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Differentiated Instruction:

Listening and Speaking

What is differentiated instruction?
• Differentiated instruction is doing what’s
fair for students.
• It means creating multiple paths so that
students of different abilities, interests, or
learning needs experience equally
appropriate ways to learn.
Why differentiate?

Different levels Different Interests

of readiness

Different Ability Levels Different Cognitive Needs

What to differentiate?

The content

The process

The product
Differentiating Content
• Resource materials at varying readability levels
• Audio and video recordings
• Highlighted vocabulary
• Charts and models
• Interest centers
• Varied manipulatives and resources
Differentiating Process
(making sense and meaning of content)

• Use leveled or tiered activities

• Interest centers
• Hands-on materials
• Vary pacing according to readiness
• Allow for working alone, in partners, triads, and
small groups
• Allow choice in strategies for processing and for
expressing results of processing
Differentiating Products
(showing what is know and able to be done)

• Graded product choices

• Model, use and encourage student use of technology
within products and presentations
• Provide product choices that range in choices from
all multiple intelligences, options for gender, culture,
and race
• Use related arts teachers to help with student
Strategies to Make Differentiation Work

1. Tiered Instruction
Changing the level of complexity or required
readiness of a task or unit of study in order to meet
the developmental needs of the students involved.

Key Concept

Those who do not Those who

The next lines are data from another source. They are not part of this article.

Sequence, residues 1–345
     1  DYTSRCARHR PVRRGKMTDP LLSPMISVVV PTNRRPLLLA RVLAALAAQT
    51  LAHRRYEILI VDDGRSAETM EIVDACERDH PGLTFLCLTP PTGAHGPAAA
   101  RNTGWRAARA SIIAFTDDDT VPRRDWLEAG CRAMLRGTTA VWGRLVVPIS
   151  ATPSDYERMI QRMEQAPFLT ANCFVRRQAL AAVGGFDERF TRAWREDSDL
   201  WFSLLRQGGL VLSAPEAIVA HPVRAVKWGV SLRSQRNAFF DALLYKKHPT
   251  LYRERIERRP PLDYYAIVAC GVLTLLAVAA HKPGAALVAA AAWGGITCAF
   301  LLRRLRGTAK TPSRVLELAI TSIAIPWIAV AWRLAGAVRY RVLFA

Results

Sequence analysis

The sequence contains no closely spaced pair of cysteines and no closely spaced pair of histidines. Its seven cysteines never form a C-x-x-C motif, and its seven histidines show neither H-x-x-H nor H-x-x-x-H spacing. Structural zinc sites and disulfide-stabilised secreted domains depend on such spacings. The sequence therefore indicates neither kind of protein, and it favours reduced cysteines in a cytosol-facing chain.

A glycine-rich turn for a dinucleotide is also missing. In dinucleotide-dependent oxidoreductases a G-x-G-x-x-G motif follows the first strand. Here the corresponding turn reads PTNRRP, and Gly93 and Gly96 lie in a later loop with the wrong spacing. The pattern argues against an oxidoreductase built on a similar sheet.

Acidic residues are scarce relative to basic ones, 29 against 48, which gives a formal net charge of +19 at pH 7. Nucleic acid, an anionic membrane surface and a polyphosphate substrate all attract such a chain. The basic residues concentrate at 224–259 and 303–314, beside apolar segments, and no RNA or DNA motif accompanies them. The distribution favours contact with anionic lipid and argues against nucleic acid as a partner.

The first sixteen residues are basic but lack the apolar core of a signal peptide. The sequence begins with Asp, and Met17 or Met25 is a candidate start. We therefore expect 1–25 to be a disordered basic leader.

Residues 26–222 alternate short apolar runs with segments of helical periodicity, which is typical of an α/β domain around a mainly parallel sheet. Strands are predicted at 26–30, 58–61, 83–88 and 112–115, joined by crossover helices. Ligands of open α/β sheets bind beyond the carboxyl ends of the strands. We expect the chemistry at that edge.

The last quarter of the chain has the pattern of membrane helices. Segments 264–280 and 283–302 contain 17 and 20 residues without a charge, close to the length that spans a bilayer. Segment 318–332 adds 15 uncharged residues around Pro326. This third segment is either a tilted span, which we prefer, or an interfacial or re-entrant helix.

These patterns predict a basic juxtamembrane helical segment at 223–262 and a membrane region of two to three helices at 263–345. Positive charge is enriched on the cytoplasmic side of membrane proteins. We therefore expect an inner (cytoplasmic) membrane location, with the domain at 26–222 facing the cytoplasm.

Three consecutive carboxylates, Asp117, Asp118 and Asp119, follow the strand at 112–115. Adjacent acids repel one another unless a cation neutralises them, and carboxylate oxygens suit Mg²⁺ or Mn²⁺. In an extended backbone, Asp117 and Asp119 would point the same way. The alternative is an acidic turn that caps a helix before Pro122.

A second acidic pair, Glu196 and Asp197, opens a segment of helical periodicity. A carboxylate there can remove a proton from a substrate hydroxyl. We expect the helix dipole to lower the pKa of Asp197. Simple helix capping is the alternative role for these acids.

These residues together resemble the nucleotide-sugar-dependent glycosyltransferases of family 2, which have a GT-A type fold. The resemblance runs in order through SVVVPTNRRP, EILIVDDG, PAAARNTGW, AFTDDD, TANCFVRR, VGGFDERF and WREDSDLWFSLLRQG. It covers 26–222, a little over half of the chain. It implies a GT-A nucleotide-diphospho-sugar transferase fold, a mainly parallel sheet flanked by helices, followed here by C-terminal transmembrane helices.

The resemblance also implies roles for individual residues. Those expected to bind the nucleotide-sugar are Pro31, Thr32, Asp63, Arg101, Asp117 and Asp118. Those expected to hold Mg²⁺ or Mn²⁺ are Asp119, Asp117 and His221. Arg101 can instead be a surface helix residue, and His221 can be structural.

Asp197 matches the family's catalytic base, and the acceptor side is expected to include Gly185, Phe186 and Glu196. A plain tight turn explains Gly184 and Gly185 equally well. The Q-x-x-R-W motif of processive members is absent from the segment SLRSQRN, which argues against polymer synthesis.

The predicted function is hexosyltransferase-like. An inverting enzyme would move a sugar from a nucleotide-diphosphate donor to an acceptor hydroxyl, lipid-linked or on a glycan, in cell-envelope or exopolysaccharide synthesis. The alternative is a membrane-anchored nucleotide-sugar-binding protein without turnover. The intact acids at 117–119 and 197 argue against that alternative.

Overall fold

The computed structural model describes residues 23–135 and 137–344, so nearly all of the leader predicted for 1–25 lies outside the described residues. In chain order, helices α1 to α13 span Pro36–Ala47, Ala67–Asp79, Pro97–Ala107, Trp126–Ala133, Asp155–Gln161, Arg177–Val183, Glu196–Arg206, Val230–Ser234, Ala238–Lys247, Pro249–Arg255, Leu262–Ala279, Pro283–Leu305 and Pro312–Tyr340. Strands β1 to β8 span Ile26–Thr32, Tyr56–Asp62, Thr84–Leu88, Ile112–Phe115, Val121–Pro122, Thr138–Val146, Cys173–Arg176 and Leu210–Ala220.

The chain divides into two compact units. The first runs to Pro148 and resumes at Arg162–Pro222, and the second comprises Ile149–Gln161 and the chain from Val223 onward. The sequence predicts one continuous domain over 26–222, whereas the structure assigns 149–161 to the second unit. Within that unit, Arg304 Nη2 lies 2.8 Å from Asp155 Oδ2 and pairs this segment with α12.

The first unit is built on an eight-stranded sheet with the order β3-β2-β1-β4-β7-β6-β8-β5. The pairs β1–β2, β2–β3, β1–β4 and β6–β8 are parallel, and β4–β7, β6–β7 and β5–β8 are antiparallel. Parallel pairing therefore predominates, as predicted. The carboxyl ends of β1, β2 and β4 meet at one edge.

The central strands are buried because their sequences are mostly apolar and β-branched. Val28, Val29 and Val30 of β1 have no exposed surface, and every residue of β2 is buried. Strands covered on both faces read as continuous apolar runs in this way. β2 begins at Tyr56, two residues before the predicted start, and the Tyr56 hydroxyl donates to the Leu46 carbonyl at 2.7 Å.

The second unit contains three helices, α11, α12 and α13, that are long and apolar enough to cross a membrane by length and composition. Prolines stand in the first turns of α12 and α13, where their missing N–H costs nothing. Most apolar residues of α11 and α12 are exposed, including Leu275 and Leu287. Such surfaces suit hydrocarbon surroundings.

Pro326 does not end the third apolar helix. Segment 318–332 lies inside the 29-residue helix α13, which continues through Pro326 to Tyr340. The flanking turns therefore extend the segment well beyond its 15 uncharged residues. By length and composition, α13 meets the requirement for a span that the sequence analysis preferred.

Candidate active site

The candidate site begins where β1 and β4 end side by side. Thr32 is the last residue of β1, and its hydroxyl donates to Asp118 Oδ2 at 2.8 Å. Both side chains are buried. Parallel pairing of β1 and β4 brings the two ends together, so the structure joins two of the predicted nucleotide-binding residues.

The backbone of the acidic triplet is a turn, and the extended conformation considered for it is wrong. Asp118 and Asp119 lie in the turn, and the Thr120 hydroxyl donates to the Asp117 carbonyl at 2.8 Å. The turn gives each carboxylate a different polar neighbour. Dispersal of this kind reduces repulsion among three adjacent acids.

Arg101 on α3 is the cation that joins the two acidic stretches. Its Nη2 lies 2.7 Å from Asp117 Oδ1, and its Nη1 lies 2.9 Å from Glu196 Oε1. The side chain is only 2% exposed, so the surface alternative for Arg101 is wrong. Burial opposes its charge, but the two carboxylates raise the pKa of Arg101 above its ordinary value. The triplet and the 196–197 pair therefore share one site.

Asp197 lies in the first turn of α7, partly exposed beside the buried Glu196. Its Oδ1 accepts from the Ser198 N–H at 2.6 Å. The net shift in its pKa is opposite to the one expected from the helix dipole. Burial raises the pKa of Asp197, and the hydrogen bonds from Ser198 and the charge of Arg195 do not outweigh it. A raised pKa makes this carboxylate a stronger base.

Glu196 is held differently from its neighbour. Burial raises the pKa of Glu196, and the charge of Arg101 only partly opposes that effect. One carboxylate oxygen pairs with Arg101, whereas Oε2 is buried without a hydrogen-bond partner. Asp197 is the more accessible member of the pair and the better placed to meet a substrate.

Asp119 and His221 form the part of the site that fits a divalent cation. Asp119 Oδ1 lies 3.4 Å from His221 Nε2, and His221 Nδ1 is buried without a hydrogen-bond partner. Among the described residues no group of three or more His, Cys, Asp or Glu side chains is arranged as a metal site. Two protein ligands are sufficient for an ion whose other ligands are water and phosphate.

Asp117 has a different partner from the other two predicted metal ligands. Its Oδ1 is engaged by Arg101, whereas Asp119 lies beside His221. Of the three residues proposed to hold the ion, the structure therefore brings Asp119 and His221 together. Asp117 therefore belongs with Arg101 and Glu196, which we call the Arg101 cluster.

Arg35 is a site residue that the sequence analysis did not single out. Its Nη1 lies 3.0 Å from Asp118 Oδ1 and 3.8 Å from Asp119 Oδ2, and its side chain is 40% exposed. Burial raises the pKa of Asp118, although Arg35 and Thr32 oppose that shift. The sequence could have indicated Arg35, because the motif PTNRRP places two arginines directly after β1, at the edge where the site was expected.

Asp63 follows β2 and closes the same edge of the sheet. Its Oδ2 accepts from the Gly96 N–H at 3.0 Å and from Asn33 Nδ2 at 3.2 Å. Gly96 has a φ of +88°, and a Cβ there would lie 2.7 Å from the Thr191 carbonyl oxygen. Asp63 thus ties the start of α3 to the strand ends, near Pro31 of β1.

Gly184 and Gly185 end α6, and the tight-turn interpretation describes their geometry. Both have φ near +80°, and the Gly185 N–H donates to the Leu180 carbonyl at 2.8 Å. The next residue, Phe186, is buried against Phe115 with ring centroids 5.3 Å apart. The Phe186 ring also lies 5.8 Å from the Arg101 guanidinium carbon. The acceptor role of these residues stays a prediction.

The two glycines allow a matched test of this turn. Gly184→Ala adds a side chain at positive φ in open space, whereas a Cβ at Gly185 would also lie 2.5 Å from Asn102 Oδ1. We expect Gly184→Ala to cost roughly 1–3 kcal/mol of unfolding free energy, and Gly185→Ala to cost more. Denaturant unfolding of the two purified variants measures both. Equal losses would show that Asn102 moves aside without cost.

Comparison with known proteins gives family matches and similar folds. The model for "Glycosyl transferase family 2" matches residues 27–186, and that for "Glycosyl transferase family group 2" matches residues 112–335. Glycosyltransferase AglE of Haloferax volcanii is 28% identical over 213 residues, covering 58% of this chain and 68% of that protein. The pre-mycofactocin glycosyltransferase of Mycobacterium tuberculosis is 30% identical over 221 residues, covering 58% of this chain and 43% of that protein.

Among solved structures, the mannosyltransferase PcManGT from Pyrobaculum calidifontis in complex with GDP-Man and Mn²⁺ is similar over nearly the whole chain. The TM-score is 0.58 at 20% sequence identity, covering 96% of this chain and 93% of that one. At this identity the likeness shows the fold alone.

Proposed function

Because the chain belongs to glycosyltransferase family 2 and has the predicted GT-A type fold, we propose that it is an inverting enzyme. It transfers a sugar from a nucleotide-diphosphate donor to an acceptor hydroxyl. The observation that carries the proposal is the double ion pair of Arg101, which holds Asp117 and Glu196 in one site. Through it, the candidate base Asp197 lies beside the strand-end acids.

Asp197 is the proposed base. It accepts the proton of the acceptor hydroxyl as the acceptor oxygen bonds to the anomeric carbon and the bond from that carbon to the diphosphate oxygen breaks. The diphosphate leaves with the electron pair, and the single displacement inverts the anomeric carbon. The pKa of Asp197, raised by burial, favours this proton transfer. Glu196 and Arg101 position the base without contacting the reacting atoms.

Those with some
know the concept understand the
What Can Be Tiered?
• Processes, content and • Assessments
• Writing prompts
• Assignments
• Anchor activities
• Homework
• Materials
• Learning stations
What Can We Adjust?
• Level of complexity
• Amount of structure
• Pacing
• Materials
• Concrete to abstract
• Options based on student interests
• Options based on learning styles
Tiering Instruction
1. Identify the standards, concepts, or generalizations you
want the students to learn.
2. Decide if students have the background necessary to be
successful with the lesson.
3. Assess the students’ readiness, interests, and learning
4. Create an activity or project that is clearly focused on the
standard, concept or generalization of the lesson.
5. Adjust the activity to provide different levels or tiers of
difficulty that will lead all students to an understanding.
6. Develop an assessment component for the lesson.
Remember, it is on-going!
Strategies to Make
Differentiation Work
2. Anchoring Activities
• These are activities that a student may do at any time
when they have completed their present assignment or when
the teacher is busy with other students.

• They may relate to specific needs or enrichment

opportunities, including problems to solve or journals to
write. They could also be part of a long term project.
Strategies to Make
Differentiation Work
3. Flexible Grouping